United States District Court, D. Oregon, Eugene Division
OPINION AND ORDER
Aiken United States District Judge.
Motion to Dismiss (doc. 14), defendants University of Oregon
("UO"), Lorretta Cantwell ("Cantwell"),
and LeAnn Gutierrez ("Gutierrez") seek to dismiss
some of plaintiff Dylan Blanks' ("Blanks")
claims under Fed.R.Civ.P. 12(b)(1) and 12(b)(6) for lack of
subject matter jurisdiction and failure to state a claim upon
which relief can be granted respectively. For the reasons set
forth below, defendant's motion is granted in part and
denied in part.
began working as a registered nurse for UO, starting in April
2007. Defendant Cantwell has served as the Director of
Nursing for UO's Health Center ("UHC") since
September 2015. Defendant Gutierrez has served as the
Director of the UHC since 2016.
UHC's mission is to "provide exceptional culturally
competent health services and public health leadership that
enhances the personal success and optimizes health and
wellness for a diverse campus community." Compl. ¶
7. UHC is required to comply with all state and federal laws
governing the health care industry.
plaintiff s responsibilities as a registered nurse required
her to monitor the Digital Data Loggers ("DDL") for
the vaccine refrigerators to ensure compliance with Center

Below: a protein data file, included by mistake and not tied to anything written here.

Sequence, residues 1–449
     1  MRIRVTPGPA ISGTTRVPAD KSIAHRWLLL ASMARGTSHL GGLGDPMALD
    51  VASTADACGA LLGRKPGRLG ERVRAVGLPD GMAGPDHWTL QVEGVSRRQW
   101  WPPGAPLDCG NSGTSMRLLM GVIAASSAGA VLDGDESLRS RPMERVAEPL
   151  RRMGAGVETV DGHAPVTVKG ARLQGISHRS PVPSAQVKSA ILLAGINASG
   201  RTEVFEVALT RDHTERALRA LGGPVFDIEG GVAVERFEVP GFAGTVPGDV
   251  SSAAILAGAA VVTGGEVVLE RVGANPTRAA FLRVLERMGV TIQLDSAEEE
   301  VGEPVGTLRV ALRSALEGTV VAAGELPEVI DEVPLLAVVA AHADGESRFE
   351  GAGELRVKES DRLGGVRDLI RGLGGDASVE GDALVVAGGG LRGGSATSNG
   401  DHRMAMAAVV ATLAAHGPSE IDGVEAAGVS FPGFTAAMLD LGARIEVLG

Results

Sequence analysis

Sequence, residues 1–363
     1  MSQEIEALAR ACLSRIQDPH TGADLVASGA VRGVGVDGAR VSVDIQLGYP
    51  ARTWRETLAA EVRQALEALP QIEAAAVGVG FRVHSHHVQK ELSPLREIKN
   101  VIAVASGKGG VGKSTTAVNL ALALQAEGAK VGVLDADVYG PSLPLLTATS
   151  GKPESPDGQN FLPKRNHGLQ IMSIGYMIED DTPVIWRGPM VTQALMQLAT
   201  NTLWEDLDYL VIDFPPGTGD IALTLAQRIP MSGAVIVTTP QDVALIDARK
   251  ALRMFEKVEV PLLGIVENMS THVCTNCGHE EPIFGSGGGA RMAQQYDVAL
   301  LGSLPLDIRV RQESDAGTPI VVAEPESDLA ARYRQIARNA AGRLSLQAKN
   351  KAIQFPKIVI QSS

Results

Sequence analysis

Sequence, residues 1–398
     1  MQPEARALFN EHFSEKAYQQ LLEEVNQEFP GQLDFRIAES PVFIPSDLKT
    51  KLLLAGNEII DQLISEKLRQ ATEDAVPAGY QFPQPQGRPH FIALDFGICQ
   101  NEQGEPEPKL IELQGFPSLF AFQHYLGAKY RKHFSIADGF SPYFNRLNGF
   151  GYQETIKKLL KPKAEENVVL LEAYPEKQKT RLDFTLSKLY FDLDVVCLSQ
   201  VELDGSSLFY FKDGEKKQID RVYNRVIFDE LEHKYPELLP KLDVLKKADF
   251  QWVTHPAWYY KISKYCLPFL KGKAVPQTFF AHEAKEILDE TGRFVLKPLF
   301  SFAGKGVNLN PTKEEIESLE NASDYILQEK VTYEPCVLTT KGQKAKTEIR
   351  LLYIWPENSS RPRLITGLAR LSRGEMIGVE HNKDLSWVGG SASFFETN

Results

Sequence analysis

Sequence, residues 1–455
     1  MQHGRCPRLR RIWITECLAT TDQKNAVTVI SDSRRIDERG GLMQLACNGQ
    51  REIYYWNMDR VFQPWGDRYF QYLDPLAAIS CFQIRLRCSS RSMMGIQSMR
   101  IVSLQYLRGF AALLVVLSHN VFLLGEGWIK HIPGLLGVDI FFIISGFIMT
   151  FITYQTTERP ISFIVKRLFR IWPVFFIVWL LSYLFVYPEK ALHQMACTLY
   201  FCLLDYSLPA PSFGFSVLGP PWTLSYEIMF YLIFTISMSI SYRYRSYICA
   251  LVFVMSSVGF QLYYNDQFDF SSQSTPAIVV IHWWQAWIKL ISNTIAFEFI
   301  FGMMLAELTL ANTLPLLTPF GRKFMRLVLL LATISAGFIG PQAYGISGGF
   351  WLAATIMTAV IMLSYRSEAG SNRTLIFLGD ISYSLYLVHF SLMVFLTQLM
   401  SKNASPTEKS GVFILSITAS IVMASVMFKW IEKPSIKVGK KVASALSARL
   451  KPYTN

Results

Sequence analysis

for Disease Control ("CDC") and Vaccine for
Children ("VFC"). In October 2016, the temperature
range for the stored flu vaccinations went out of compliance
during an off-site clinic. Plaintiff brought this to
CantwelPs attention. This issue happened again later that
same month for a separate clinic. Plaintiff reported this
issue to the clinic's Medical Director, Dr. Brunander,
and alleges that Cantwell falsified a report related to this
incident. Plaintiff filed a complaint against Cantwell to the
Oregon Board of Nursing in January 2017 with respect to the
falsifying of that report.
also alleges that Cantwell engaged in conduct creating a
hostile work environment for plaintiff after she filed the
complaint with the Board. Cantwell's alleged conduct
included: micromanagement; monitoring phone calls; addressing
plaintiff in a rude manner; responding to plaintiff in a
"cold, accusatory, and suspicious manner;"
gradually taking away plaintiffs responsibilities and
decision-making authority; transferring her duties to
subordinate nurses; putting added expectations on her;
questioning all of plaintiffs decisions; trying to find fault
in plaintiffs performance; subjecting plaintiff to heightened
expectations; and "disparately disciplining her[.]"
Id. at ¶ 41.
also alleges that she was subjected to a racially hostile
environment caused by Cantwell. This alleged hostile behavior
included: having scheduled meetings every day to show that
none of the refrigerators were out of compliance, which were
held in an "exaggerated and demeaning way,"
Id. at ¶ 19; being rude and dismissive whenever
plaintiff asked a question; and failing to directly address
plaintiff when she attempted to confront Cantwell about these
fall of 2016, plaintiff filed a complaint with the UO's
Affirmative Action and Equal Opportunity ("AAEO")
Office, alleging that Cantwell subjected her to disparate
treatment and a hostile work environment based on race. In
June 2017, after conducting an investigation, the AAEO found